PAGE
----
No long-term neurodevelopmental effects of inhaled budesonide in preterm infants
1. Budesonide used for prevention of bronchopulmonary dysplasia in extremely preterm infants showed no difference in rate of neurodevelopmental disability at two years compared to placebo treated infants.
2. There was an increased risk of mortality at two years amongst infants receiving budesonide.
Study Rundown: Bronchopulmonary dysplasia is a common complication of preterm birth that is associated with multisystem complications and higher mortality rates. A randomized trial in 2015 investigated inhaled budesonide for the prevention of bronchopulmonary dysplasia in preterm infants, and found no effect on the composite outcome of bronchopulmonary dysplasia or death at 36 weeks. It remains unclear, however, whether inhaled glucocorticoids have a detrimental effect on neurodevelopmental outcomes later in life. The authors of this study tracked a pre-specified secondary composite outcome of neurodevelopmental disability in the previously mentioned trial. After two years of follow-up, no difference was found between the placebo and budesonide treatment arm in this secondary outcome. However, an elevated risk of mortality in the budesonide arm at two years was observed. This study offers high quality evidence that, amongst infants similar to those enrolled in this trial, exposure to inhaled corticosteroids is not a causal risk factor for neurodevelopmental disability at two years.
A major strength of this study is the randomized trial design, which allows for estimation of the causal effect of inhaled budesonide on risk of neurodevelopmental disability. Limitations include multiple hypothesis testing with numerous exploratory outcomes, which may reduce the likelihood that significant findings are true.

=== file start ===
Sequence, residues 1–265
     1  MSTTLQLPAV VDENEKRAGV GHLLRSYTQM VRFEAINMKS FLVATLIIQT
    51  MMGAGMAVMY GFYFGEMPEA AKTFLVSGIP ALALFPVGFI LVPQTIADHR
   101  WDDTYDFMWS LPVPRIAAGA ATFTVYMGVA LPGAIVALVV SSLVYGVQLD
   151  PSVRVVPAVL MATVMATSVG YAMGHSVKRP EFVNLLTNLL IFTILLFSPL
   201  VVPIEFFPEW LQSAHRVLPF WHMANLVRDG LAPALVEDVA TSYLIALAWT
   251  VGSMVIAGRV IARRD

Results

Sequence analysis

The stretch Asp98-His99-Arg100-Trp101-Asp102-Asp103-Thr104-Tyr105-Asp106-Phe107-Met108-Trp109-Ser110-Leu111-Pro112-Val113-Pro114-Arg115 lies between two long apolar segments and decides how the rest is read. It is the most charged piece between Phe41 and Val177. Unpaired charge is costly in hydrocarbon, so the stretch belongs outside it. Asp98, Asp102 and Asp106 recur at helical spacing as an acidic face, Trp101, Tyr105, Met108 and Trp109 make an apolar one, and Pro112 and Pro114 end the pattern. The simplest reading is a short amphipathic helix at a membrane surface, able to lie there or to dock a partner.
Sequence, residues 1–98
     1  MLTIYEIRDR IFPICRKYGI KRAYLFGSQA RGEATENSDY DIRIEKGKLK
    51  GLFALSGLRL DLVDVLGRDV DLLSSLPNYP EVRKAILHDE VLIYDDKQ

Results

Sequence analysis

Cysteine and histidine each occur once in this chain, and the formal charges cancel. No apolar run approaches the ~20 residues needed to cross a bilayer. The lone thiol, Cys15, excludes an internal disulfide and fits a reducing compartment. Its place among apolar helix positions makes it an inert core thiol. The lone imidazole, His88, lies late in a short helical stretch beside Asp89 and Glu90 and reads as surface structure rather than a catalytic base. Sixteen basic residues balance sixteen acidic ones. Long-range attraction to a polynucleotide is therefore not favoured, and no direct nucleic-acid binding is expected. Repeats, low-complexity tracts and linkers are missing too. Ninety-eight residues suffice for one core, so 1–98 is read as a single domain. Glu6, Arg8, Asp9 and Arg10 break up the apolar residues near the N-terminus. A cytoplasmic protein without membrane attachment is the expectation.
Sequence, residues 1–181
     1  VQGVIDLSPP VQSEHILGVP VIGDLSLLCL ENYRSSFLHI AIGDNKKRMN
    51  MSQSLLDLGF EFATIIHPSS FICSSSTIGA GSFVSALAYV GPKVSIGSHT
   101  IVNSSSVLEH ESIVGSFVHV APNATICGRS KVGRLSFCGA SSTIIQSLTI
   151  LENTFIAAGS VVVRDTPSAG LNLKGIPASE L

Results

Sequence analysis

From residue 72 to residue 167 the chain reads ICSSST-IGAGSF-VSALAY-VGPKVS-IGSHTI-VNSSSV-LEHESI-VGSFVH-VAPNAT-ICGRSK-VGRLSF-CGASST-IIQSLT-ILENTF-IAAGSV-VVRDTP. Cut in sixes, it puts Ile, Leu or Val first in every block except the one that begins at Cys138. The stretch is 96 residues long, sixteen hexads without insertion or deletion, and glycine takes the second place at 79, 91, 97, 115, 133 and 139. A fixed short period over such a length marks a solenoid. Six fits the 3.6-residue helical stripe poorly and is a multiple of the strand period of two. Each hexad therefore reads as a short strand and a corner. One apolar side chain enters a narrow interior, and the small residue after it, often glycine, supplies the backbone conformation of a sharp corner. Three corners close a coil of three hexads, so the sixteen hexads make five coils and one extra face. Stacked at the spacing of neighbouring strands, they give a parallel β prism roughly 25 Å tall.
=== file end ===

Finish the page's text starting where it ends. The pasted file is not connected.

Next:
In-Depth [randomized controlled trial]: This was an extended follow-up of 629 infants enrolled in a multi-site randomized controlled trial testing the efficacy of budesonide (n = 308) compared to placebo (n = 321) for the prevention of bronchopulmonary dysplasia in premature infants. Eligible infants had a gestational age between 23 weeks 0 days and 27 weeks 6 days, and their chronological age at the time of enrollment was less than twelve hours. Randomization was stratified by gestational age. Patients received budensonide or placebo until supplemental oxygen was no longer required (mean 33.9 days in treatment group). The pre-specified secondary outcome tracked during follow-up was a composite of cerebral palsy, cognitive delay, deafness, and blindness.
There was no evidence of a difference in risk of composite neurodevelopmental disability between the study (48.1%) and placebo (51.4%) arms (relative risk, 0.93; 95% confidence interval, 0.80 to 1.09; p = 0.40). The risks for the individual components of the composite outcome were also not significantly different between the treatment and placebo groups. There was evidence of excess mortality in the budesonide arm (19.9% vs 14.5%; RR, 1.37; 95% CI, 1.01 to 1.86; p = 0.04), but no clear signal for overrepresented etiologies of death in this difference. Numerous other secondary outcomes, including rate of hospital admissions and weight percentile, were not different between the study arms.
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